That you are fighting this with a lawyer is commendable!  GOOD FOR YOU!  I pray with you that you win and get the resolution you so deserve.  I think even more important than winning is that you are fighting!  It shows you are not taking this laying down!  You are reclaiming your life!!  And that is the most important thing.  Say only good stuff about and to yourself.  You are deserving, you are a good person, well deserving your husband's love.  Think of him as looking down on you with love/support and a smile for you.  Never once did I think of my husband as condemning of me for being so stupid as to be taken in by this man because my husband always understood me, would be the first to understand all I was going through and how everything developed.  My husband would want to fight to come to my aid!  But barring his being able to do that, he would support me 1,000% in my efforts to fight for myself!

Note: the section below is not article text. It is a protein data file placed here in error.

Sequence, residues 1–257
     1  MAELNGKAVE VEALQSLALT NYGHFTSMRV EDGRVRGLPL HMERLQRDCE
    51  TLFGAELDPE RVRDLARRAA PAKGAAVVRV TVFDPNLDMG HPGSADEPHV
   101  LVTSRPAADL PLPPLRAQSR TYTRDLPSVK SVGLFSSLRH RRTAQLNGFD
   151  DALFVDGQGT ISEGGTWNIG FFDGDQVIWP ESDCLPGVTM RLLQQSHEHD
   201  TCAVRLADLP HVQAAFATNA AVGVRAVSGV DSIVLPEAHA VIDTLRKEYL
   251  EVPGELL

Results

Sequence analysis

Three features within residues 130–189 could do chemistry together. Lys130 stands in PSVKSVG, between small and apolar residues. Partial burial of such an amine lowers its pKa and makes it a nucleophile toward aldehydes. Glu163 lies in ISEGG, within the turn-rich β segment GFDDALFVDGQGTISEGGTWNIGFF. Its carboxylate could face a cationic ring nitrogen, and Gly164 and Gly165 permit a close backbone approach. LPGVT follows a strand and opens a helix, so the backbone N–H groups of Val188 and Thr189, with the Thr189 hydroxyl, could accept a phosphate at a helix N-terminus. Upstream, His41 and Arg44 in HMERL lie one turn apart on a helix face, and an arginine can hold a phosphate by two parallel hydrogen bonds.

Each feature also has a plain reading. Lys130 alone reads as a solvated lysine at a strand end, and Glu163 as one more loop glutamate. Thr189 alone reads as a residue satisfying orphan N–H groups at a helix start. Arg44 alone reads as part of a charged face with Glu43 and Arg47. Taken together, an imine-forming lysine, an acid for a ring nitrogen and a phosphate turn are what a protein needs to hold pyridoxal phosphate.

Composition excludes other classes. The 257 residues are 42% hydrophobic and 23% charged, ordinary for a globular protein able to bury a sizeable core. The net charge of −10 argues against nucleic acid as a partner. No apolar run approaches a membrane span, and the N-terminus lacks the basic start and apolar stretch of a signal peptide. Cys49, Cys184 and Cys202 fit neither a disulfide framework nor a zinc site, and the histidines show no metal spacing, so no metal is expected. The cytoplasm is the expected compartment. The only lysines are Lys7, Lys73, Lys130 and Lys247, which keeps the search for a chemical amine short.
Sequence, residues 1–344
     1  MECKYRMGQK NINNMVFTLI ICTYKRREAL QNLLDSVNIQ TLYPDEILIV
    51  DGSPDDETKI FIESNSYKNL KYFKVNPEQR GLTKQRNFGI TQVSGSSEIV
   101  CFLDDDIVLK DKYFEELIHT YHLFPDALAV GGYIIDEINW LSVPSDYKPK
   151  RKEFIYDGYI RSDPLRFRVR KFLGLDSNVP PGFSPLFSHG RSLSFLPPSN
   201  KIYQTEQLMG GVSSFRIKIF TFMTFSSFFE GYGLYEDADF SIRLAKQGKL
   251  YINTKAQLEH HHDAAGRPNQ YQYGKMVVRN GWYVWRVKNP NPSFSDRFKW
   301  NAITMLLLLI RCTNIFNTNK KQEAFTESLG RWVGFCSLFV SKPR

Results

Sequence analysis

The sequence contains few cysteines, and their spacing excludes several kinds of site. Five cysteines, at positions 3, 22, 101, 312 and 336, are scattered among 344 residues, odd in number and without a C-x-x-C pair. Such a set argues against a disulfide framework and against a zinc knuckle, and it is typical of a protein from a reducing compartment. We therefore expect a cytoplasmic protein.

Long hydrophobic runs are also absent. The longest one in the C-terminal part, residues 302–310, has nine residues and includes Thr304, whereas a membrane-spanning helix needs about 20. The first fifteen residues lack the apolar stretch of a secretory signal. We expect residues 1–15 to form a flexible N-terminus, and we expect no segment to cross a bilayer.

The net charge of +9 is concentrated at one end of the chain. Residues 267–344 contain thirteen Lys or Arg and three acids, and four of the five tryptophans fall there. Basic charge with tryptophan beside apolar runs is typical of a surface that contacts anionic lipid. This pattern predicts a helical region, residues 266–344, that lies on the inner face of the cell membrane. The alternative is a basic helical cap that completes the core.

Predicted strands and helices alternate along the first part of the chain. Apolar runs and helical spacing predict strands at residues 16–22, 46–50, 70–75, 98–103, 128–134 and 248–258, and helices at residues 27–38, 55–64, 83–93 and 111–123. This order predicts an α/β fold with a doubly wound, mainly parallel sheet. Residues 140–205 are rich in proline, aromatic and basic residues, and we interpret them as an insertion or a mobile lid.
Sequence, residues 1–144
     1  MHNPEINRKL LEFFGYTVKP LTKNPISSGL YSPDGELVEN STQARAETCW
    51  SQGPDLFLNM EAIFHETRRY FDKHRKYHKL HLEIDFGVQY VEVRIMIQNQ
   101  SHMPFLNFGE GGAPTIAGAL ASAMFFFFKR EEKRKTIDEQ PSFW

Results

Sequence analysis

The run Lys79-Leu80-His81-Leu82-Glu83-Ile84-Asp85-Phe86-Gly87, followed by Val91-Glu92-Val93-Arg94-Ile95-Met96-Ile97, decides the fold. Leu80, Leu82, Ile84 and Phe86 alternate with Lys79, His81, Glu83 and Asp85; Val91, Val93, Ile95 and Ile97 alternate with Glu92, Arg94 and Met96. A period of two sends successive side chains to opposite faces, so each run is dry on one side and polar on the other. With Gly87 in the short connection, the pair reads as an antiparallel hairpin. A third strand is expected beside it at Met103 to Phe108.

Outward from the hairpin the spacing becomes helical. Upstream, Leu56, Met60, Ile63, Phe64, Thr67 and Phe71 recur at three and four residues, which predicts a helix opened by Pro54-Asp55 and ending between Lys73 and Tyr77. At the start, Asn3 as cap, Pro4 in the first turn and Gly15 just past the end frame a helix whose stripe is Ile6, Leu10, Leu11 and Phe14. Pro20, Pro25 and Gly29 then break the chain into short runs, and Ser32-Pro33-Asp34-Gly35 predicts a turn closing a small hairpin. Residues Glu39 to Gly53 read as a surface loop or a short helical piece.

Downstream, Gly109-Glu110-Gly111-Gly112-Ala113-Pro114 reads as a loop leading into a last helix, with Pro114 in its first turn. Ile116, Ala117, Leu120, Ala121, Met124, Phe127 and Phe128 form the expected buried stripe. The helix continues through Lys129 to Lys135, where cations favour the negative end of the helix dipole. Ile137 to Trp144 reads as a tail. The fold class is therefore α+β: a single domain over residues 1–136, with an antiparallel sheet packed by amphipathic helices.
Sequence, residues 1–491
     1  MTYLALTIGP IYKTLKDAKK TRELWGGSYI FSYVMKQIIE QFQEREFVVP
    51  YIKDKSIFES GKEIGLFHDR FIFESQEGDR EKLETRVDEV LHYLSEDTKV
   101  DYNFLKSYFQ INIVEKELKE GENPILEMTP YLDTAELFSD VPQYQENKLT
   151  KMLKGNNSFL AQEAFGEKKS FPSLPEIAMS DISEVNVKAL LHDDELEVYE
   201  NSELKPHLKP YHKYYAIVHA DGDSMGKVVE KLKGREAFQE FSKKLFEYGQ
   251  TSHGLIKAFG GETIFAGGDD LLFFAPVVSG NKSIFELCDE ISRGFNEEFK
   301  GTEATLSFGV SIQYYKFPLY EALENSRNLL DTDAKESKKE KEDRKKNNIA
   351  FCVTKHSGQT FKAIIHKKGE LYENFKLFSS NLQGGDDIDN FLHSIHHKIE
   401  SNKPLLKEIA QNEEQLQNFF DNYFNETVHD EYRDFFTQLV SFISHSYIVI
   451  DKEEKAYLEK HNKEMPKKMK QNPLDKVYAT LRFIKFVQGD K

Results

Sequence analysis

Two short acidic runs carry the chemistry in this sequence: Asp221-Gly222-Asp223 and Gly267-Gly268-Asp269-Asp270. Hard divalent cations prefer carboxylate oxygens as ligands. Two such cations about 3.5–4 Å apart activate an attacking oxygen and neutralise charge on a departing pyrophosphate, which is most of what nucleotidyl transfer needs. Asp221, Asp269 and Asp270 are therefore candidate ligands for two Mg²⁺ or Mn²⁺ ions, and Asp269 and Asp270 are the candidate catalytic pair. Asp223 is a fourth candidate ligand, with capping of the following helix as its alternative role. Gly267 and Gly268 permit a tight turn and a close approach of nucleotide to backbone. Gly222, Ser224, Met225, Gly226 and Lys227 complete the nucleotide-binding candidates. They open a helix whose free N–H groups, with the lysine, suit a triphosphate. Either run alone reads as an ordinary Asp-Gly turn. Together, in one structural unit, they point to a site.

I refinanced my old mobile home & property to pay all of the indebtedness, it will take me until I'm nearly 80 to pay it all off, it's certainly affected my retirement.  I struggle to make ends meet but I'm doing it.  People have asked me why I didn't just file bankruptcy, I could have, but the lending institutions had good faith in me when extending credit and it wasn't their fault I brought this  *&$!#/ man into the equation!  Had it not been for me they never would have heard of him.  And it's been my experience that when you crawl out of debt the hard way, you learn lessons you never would have if you took the easy way out, so I keep plugging away.  Anyway, I fault no one for making different decisions under the circumstances, it's just my morals I choose to live by.  I'm ethical but broke.  ;)  At the end of the day, I can live with myself and that's what's important.

I don't tell my story often, it's embarrassing, but I do tell it when I need to, and I feel I need to, with you.